now it makes a feint of dashing onward in a fury, yet dies away with a meek murmur, and does but kiss the strand; now, after many such abortive efforts, it rears itself up in an unbroken line, heightening as it advances, without a speck of foam on its green crest. With how fierce a roar it flings itself forward, and rushes far up the beach!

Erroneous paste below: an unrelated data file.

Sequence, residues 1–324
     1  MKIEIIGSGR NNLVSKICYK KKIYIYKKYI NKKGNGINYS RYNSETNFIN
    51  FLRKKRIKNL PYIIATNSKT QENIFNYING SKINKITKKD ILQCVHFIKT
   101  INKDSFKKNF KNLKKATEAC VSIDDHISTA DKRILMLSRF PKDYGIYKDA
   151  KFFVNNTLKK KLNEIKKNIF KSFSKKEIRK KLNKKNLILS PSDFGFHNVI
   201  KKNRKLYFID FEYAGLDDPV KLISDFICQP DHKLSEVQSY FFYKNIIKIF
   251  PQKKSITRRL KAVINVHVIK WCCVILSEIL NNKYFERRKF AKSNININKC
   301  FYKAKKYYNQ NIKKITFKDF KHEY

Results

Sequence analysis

As I threw my eyes along the edge of the surf, I remember that I was startled, as Robinson Crusoe might have been, by the sense that human life was within the magic circle of my solitude. Afar off in the remote distance of the beach, appearing like sea nymphs, or some airier things, such as might tread upon the feathery spray, was a group of girls. Hardly had I beheld them, when they passed into the shadow of the rocks and vanished. To comfort myself—for truly I would fain have gazed a while longer—I made acquaintance with a flock of beach birds. These little citizens of the sea and air preceded me by about a stone's throw along the strand, seeking, I suppose, for food upon its margin. Yet, with a philosophy which mankind would do well to imitate, they drew a continual pleasure from their toil for a subsistence. The sea was each little bird's great playmate. They chased it downward as it swept back, and again ran up swiftly before the impending wave, which sometimes overtook them and bore them off their feet. But they floated as lightly as one of their own feathers on the breaking crest. In their airy flutterings, they seemed to rest on the evanescent spray. Their images,—long-legged little figures, with gray backs and snowy bosoms,—were seen as distinctly as the